I generally look for new insights in poems, but sometimes it’s enough to merely be reminded of old truths. Although there’s not too much “new” in Cold Mountain’s poems, he certainly reminds us of ancient truths. Many of the my favorite poems remind me of Jesus’ saying that “The poor shall always be with you” and that we reveal much about our true nature in how we treat them.
At worst, some would discriminate against the poor simply because they are poor, not rich:
Rich men met in an elegant hail
the colored lanterns glowed so bright
then a man who had no candle
thought he would sit nearby
instead he was chased away
back to his place in the dark
how could more eyes ruin the light
strange to begrudge leftover rays
Red Pine’s notes on the poem: 104. This poem is adapted from the following story: In the state of Ch’i, Mrs. Hsu and Mrs Li did their weaving at night by candlelight together with other village women. Mrs. Li complained to the other women that Mrs. Hsu didn’t bring any candles. Mrs. Hsu Said, “I’m simply too poor to buy candles. Every day I get up early and do housework and wait on others and always sit at the back. One person more in the room won’t make the candles dimmer. And one person less won’t make the candles brighter. How can a neighbor begrudge the extra light and not let a poor woman benefit so that she can do her work?” (Liehnuchuan: 6)
It’s hard to believe that people would be so petty, but apparently such discrimination is nearly as old as human nature. It reminds me of a recent controversy in Bellevue, Washington, where well-to-do neighbors objected because a church was hosting transients for a limited time as part of a county-wide attempt to equitably provide shelter for the poor. Strangely enough, the people had no objections earlier when other parts of the county had found space for the same people.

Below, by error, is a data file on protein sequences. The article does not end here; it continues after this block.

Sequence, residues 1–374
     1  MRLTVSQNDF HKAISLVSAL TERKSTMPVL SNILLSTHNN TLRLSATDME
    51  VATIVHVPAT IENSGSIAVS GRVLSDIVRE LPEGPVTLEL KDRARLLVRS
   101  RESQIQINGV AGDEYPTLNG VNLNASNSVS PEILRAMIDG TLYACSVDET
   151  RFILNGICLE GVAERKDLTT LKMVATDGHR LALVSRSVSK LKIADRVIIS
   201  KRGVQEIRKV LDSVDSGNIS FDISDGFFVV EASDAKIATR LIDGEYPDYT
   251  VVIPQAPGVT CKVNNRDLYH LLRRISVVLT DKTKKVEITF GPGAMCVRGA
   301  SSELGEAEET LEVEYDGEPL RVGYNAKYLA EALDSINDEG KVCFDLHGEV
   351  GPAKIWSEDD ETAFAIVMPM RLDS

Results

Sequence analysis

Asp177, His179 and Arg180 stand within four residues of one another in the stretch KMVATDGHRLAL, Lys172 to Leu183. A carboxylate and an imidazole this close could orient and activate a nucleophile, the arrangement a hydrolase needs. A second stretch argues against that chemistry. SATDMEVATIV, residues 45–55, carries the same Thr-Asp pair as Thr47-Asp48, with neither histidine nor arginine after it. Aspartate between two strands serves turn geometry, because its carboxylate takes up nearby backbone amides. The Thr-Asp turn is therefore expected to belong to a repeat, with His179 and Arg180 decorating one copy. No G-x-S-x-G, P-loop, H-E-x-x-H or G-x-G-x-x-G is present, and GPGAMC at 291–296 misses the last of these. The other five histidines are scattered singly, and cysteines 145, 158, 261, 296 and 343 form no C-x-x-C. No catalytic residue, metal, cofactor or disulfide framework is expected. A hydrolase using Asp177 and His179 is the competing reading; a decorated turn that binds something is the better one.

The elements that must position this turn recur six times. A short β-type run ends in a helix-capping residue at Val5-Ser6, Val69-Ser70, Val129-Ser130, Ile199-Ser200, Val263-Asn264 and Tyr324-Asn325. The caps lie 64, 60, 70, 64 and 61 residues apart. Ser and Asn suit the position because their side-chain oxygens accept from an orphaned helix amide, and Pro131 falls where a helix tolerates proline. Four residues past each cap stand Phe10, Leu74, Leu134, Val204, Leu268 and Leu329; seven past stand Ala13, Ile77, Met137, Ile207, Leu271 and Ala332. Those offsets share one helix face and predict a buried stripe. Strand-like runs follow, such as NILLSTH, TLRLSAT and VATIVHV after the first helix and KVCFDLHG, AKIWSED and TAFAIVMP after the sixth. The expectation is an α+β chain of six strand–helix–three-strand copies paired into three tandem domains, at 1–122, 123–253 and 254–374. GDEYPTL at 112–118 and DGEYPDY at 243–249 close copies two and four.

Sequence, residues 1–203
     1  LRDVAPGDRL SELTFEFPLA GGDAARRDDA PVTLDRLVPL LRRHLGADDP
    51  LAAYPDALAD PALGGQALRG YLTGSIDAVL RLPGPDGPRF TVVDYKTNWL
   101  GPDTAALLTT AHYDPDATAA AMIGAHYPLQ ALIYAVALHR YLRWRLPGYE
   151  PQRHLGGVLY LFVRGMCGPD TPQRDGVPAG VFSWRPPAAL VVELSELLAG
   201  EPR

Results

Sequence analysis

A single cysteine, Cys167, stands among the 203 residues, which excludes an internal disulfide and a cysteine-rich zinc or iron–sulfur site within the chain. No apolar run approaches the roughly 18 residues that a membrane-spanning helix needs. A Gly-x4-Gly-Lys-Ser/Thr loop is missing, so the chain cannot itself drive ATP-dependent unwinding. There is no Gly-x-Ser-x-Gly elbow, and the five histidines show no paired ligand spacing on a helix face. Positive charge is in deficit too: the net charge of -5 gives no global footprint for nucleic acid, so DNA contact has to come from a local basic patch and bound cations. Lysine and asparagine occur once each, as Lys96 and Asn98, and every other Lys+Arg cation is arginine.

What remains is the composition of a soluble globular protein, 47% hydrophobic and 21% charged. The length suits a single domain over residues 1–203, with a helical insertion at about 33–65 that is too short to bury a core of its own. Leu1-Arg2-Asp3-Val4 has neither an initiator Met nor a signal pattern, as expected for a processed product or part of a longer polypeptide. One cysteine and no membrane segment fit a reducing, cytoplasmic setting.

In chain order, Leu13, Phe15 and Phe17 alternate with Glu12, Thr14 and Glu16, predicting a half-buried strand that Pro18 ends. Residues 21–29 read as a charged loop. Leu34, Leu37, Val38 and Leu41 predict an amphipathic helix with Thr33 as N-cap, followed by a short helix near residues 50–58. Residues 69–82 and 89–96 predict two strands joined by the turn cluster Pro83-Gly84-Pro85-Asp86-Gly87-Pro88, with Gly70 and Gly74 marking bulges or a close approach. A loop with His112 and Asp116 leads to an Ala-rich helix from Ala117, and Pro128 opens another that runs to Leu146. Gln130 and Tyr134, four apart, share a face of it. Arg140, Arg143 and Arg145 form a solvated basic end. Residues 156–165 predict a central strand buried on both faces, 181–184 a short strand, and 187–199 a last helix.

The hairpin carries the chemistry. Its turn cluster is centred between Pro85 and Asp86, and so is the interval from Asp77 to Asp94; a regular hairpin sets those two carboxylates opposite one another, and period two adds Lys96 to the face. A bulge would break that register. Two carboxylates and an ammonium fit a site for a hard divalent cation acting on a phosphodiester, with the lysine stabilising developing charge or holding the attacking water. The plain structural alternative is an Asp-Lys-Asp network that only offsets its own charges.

The follow poem reminds us that it’s not enough accept those that are “worthy” of our acceptance:
If others are worthy accept them
if they aren’t then don’t
if you’re worthy there’s room for others
if you aren’t there’s none for you
praising the adept and consoling the inept
a disciple of kindness finds his place
I urge you to follow Tzu-chang’s words
and ignore Pu-shang’s advice
Red Pine’s notes on the poem: Tzu-chang and Pu-shang were disciples of Confucius. The first two lines paraphrase Pu-shang’s view of entering into friendships, while the next four lines paraphrase Tao-chang’s response (Lunyu: 19.3
I especially like the lines “if you’re worthy there’s room for others/ if you aren’t there’s none for you.” Those who are truly “worthy” have room for all in their heart, and if they don’t have room in their heart they simply aren’t worthy.
Number 200 reminds me how uncomfortable I use to feel when I went to my favorite Greek restaurant in Portland because it was built right next door to a shelter for homeless people:
The unfortunate human disorder
a palate that never wearies
of steamed baby pig in garlic
of roast duck with pepper and salt
of deboned raw fish mince
of unskinned fried pork cheek
unaware of the bitterness of others’ lives
as long as their own are sweet
Somehow it just felt wrong to be spending as much for one meal for two as it would be too feed the poor food for a month at a shelter. To me it clearly illustrated the dilemma of trying to restore old areas of a city, a good cause in its own right, but one that invariabley seems to bring greater misery for the poor while simultaneously enriching the rich.
Unfortunately, it’s not always easy to tell when enough is too much.
And it’s hardest to be aware of others’ misery when you’re happiest.